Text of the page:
• Want to transform employee behaviours to affect lasting organisational change? There’s a book for that

    Best-selling Dutch business book, ‘Change 3.0, A natural approach for sustainable organisational change’, is now available in English.

    In her own words, the book’s co-author Wendy Nieuwland says organisational change is traditionally rooted in problem analysis and diagnosis; Change 3.0 takes the approach that organisational change is about a ‘change in collective (or employee) behaviour’.

    As such, to elicit a successful organisational change rather than defining and solving problems, the focus needs to be working towards a desired outcome thereby influencing behavioural change to ensure that this is achieved.

    To be considered ‘3.0’, a change a change needs to be self-perpetuating, because new behaviours have been established and become the new norm – if the necessary behavioural changes don’t happen, change won’t happen. Thee change doesn’t come from outside influences, but directly from within the organisation.

    Nieuwland said: “Change 3.0 addresses large or complex changes such as changes in a company strategy or culture, for example – merging departments, finding new ways of working together, collaboration issues or introducing a new business model. Changes where the odds of failure are much higher, because the change goes against an (or a part of an) existing system. These are referred to as ‘tough challenges’ because they require people to do things that are fundamentally different from what they have done before.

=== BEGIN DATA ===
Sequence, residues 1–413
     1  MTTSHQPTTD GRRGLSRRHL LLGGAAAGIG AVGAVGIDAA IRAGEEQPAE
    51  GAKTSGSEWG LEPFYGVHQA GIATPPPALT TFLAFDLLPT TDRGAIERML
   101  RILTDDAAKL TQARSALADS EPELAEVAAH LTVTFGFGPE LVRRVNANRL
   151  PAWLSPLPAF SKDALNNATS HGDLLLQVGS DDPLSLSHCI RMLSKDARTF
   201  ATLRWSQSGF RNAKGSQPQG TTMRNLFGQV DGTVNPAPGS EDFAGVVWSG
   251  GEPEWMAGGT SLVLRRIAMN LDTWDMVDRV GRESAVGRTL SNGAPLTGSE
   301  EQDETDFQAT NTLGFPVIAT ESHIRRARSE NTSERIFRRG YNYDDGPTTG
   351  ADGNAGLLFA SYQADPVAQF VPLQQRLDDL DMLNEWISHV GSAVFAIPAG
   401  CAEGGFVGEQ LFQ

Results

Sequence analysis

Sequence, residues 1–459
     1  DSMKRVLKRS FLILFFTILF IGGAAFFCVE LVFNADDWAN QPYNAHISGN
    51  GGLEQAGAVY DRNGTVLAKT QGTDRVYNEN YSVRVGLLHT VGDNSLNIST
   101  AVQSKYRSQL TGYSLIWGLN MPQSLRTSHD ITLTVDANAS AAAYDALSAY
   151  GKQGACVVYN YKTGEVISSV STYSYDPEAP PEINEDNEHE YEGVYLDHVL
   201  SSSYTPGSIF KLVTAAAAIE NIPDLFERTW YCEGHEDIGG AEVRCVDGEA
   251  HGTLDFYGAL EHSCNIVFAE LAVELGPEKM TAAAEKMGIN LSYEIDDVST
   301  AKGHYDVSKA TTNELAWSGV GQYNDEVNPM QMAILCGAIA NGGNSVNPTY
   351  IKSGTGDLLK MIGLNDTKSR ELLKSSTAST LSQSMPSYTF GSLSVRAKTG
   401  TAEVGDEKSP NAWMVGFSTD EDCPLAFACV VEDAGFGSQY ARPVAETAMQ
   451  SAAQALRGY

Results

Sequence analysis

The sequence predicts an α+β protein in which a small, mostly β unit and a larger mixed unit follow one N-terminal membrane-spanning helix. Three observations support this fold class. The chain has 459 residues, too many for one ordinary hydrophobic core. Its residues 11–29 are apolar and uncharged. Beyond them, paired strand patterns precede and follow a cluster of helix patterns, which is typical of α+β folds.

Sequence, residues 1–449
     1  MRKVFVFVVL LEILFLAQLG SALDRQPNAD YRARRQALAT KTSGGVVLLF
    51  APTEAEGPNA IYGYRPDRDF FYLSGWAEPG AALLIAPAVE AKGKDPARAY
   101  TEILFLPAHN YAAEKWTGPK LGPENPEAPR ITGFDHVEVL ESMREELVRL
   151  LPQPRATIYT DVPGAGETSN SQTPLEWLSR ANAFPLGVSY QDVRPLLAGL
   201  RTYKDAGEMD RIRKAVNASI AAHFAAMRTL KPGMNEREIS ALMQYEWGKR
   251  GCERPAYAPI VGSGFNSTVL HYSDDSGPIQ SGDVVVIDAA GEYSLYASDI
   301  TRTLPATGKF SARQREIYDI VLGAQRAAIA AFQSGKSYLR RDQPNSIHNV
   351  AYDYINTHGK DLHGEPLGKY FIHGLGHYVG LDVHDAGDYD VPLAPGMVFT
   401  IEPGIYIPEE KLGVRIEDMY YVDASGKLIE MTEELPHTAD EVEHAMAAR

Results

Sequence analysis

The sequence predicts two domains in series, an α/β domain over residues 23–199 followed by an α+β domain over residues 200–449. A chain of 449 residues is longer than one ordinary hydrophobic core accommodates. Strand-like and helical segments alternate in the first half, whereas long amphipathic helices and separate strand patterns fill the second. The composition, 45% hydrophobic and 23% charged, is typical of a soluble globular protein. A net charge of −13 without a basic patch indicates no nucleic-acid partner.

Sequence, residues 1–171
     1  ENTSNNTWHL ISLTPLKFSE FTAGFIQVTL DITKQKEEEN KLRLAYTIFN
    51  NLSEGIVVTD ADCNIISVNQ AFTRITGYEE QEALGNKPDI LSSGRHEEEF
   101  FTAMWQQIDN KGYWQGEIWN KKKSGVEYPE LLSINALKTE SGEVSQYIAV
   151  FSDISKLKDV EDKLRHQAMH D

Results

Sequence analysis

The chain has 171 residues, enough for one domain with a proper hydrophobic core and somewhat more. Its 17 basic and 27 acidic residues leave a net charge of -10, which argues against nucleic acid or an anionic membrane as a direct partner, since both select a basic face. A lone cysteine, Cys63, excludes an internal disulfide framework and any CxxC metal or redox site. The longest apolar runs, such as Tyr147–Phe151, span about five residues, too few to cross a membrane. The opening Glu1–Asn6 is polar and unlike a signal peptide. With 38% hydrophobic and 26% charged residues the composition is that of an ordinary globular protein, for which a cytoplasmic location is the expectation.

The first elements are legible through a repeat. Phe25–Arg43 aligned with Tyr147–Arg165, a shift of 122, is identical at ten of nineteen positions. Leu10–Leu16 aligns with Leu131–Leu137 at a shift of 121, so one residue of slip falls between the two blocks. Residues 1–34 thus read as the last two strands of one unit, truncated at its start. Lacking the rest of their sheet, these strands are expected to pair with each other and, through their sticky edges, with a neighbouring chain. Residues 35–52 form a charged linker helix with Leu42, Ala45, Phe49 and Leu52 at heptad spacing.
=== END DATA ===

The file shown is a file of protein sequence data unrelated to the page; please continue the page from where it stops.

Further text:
“One of the key reasons why so many change projects fail is that nothing changes in the foundation of the organisation, what we refer to as the collective ‘constructs of reality’ which define a businesses’ collective or employee behaviour. If the (natural) collective behaviour remains unchanged, then it won’t take long for things to revert back to how they used to be.

    “Change 3.0 recognises that behavioural changes happen naturally based on all kinds of influences that are largely out of our control. Behaviour and behavioural change can’t be forced; people do change their behaviour, but not because others tell them to. However, by using the fundamental knowledge of how behaviour changes naturally, it is possible to influence and steer it in a certain direction.”

    Change 3.0 includes many examples and case studies on how the approach works in practice as well as providing practical challenges to try within a business environment.

    It’s available now from all good book outlets (and some bad ones too).

    AUTHOR

    Stuart O'Brien

    All stories by: Stuart O'Brien

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